Drilling activity in Western Canada is currently depressed at historic levels, according to a new report from Peters & Co. Ltd.
Continued cautiousness by operators and unfavourable weather in several regions, notably Saskatchewan, contributed to an average of 134 active rigs in the field in the third quarter, the lowest level in over 25 years, analysts said.
“Activity in all major plays declined, with the most pronounced weakness in the Deep Basin and Montney. Large Cap operators scaled back activity most aggressively, while the Intermediate group was the least impacted,” Peters & Co. said.
“In the early days of October, activity is tracking 40 per cent below the same period in 2018, with activity levels largely paralleling 30-year lows. We expect fiscal discipline and budget exhaustion will be pronounced during Q4 2019, with activity forecasted to decline 30 to 35 per cent year-over-year. In absolute terms, we expect the rig count during the fourth quarter to be at the lowest level since 1991.”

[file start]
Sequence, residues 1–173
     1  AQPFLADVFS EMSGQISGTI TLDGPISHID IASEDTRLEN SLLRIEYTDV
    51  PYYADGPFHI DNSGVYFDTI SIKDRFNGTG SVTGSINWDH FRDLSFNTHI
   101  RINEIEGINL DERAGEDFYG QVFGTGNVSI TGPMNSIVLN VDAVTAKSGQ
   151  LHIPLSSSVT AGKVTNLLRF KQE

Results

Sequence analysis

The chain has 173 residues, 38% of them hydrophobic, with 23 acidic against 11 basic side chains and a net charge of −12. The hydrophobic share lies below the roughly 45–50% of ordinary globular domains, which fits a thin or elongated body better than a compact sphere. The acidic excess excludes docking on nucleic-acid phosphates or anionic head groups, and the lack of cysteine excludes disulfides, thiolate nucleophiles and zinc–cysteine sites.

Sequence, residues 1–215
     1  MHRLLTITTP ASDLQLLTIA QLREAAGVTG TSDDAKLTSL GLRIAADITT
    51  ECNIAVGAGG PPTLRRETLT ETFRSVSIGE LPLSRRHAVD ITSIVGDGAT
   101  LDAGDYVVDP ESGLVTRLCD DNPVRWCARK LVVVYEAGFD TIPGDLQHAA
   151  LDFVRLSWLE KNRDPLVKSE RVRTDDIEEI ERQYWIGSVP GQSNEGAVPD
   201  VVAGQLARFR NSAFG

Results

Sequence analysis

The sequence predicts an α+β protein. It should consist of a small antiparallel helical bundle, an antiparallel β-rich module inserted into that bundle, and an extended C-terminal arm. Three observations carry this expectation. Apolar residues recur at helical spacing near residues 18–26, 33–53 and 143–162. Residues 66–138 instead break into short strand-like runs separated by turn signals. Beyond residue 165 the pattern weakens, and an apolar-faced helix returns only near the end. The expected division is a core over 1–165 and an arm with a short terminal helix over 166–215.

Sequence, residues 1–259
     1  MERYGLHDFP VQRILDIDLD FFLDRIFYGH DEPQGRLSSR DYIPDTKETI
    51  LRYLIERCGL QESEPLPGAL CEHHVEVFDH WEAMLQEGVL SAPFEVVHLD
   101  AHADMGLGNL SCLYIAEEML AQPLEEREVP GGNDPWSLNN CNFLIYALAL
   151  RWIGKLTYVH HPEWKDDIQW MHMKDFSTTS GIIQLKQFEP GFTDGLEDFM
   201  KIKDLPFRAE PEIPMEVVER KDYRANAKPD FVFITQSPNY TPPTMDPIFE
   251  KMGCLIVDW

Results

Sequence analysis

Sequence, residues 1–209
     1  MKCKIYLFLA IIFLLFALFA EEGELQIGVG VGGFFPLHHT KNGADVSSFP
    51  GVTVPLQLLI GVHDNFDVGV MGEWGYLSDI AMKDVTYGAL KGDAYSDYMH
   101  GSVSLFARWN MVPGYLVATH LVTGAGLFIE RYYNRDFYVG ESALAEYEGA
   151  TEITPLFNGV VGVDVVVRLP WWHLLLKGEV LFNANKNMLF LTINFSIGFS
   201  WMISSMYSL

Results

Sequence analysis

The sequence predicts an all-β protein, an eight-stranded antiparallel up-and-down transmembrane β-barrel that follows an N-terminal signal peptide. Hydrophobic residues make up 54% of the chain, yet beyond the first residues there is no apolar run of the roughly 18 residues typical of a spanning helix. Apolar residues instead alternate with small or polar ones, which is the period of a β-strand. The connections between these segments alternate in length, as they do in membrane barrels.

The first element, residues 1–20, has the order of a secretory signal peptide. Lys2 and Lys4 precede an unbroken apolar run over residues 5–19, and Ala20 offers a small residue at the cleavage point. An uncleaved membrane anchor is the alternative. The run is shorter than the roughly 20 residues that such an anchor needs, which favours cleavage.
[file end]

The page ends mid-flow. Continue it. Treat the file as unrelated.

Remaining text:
Analysts forecast that in 2020, the producer capital-spending-to-cash-flow ratio will be at the lowest level of the past decade.
“While this highlights the capacity for operators to increase spending, activity will remain constrained by concerns over oil and gas egress from the WCSB [Western Canadian Sedimentary Basin] and investors’ desire for companies to prioritize dividends/share buybacks over growth.”
Activity has also declined in the U.S. market, Peters & Co. noted.
“During Q3 2019 the U.S. land rig count declined 8 percent on a sequential basis and 13 percent year-over-year, with weakness accelerating during the last six weeks of the quarter. Active rigs have declined in all plays, with the most pronounced weakness in Oklahoma, the Marcellus and Eagle Ford. The Permian continues to show resiliency, with over 50 per cent of U.S. land rigs operating in the play (up from 47 percent at the beginning of Q3 2019),” analysts said.
Peters & Co. forecasts that U.S. land drilling activity will decline by an average of three rigs per week during Q4 2019, translating into a full-year average active rig count of 925 rigs, which is nine percent below the 1,013 average in 2018.
“Fiscal discipline remains the underlying governor of North American operating spending and, absent improved access to external capital and/or higher commodity prices, we expect this will translate into North American capital spending declining 5-10 per cent year-over-year in 2020.”